My Relative is not Capable of Making Decisions Part One: What is the Mental Capacity Act?

In our previous post we explained the role of a Lasting Power of Attorney (LPA), which can be set up to ensure an individual's wishes are followed in the event they are no longer capable of making decisions for themselves. But what happens if you believe your loved one is not able to make decisions and they have not already arranged an LPA?

The Mental Capacity Act Explained

The Mental Capacity Act and accompanying framework were set up for situations where a person does not have the capacity to make their own decisions. This might be the case for a person who has learning disabilities, an illness affecting mental health, an accident or injury or a condition such as Alzheimer's and other forms of dementia. The Mental Capacity Act gives the Court of Protection a range of powers which can include deciding whether a person does lack capacity; appointing deputies to act on a person's behalf; making decisions about property, finances and care and making decisions about Lasting Powers of Attorney.

There are rules about deciding whether a person has mental capacity, with the assumption that they do unless it is proved otherwise. The individual needs to be able to:

An individual must be helped to make decisions if at all possible and if this proves impossible then any decisions made on their behalf have to be in their best interests. People still have the right to make decisions other people might think are unwise, as long as they have the capacity to do so. Another principle of the Mental Capacity Act is that when a person has lost capacity, they should still be involved and consulted as far as possible about any decisions that are made.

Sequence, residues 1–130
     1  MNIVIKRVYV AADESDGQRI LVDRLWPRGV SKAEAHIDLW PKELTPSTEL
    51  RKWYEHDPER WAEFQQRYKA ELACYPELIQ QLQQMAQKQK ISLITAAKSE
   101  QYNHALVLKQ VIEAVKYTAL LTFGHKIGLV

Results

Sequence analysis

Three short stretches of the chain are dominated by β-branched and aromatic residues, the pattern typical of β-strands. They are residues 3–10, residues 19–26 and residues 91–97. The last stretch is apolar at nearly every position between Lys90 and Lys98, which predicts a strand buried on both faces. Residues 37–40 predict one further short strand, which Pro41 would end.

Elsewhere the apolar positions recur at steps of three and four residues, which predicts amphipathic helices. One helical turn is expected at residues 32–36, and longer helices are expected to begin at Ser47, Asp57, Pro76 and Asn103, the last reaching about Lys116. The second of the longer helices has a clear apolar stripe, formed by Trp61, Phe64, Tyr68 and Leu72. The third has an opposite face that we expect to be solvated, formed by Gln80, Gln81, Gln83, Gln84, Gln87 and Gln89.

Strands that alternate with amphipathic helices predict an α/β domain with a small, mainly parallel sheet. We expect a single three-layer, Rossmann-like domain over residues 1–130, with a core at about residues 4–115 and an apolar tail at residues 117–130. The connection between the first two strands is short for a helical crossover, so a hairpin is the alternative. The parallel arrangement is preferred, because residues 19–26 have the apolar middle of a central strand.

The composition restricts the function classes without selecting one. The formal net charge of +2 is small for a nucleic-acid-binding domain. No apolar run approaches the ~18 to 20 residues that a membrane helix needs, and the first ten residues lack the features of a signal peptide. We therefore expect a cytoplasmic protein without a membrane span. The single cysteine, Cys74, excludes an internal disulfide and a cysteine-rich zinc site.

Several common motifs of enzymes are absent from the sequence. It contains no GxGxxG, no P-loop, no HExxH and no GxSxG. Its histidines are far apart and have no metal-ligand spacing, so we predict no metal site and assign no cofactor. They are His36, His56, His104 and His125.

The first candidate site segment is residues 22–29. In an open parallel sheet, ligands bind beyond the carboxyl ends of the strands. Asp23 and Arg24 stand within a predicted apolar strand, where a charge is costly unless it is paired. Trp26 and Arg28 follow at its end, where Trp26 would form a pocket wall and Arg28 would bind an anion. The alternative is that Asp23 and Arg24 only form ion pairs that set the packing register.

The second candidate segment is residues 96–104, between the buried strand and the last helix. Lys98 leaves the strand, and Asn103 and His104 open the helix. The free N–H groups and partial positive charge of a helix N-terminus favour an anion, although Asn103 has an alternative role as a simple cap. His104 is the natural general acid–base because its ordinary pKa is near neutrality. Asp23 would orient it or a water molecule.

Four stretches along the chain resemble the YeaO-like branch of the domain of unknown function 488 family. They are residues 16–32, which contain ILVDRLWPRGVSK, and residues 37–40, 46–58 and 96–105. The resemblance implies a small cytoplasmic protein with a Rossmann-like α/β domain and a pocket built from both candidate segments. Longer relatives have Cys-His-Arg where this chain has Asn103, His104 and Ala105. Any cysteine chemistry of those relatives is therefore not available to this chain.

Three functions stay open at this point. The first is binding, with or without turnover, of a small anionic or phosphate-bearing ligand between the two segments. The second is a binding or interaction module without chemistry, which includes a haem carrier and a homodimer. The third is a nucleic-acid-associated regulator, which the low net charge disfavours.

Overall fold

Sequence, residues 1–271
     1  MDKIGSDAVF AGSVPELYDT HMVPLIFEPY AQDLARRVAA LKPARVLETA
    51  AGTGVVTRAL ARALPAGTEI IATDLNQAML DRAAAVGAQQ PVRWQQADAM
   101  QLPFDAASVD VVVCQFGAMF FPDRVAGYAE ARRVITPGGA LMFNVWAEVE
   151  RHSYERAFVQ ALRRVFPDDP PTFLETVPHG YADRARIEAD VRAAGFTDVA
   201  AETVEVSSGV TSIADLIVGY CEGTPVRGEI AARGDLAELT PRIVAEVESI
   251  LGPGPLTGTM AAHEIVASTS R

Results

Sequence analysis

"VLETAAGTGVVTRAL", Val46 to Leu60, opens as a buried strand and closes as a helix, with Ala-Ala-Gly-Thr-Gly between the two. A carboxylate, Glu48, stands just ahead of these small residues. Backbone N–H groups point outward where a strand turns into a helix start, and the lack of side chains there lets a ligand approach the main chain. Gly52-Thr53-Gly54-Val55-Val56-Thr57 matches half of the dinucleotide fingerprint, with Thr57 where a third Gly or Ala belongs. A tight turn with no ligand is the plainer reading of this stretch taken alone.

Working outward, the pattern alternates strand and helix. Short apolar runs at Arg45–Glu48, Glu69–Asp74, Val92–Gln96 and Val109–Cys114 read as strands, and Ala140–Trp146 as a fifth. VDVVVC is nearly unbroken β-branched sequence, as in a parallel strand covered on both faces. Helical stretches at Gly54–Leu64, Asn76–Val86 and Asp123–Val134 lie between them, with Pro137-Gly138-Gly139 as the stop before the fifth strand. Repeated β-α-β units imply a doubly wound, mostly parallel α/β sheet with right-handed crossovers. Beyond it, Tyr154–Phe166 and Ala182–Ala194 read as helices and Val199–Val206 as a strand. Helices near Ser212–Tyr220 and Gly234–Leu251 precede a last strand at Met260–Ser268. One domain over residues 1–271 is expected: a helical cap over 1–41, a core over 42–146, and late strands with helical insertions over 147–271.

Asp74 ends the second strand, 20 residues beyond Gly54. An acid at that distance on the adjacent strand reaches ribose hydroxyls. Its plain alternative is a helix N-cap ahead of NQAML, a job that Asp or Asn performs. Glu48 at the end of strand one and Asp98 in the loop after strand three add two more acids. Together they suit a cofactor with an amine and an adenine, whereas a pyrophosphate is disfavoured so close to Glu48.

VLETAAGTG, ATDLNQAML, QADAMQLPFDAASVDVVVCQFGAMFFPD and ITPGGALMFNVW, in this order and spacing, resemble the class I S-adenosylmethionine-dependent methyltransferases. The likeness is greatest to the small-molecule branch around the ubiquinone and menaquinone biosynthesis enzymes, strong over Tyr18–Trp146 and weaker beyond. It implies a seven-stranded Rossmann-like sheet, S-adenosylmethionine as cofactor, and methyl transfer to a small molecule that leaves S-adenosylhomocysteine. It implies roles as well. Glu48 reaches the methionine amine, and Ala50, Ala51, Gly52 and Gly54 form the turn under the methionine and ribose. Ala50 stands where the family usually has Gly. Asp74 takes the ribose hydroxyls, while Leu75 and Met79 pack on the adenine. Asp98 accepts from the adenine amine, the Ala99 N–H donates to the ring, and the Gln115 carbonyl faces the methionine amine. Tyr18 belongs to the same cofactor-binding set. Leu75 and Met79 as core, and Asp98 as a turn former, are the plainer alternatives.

Deciding Someone Lacks Mental Capacity

If you believe a loved one lacks the mental capacity to make decisions, you may be able to make an application to the Court of Protection to decide the matter. If the Court concludes they do lack capacity, and they have not already set up an LPA, you can apply to become a Deputy. This means you will be able to make decisions about things like care, money and property on that person's behalf. How you apply will depend on a number of factors which we will highlight in the next part of this series.

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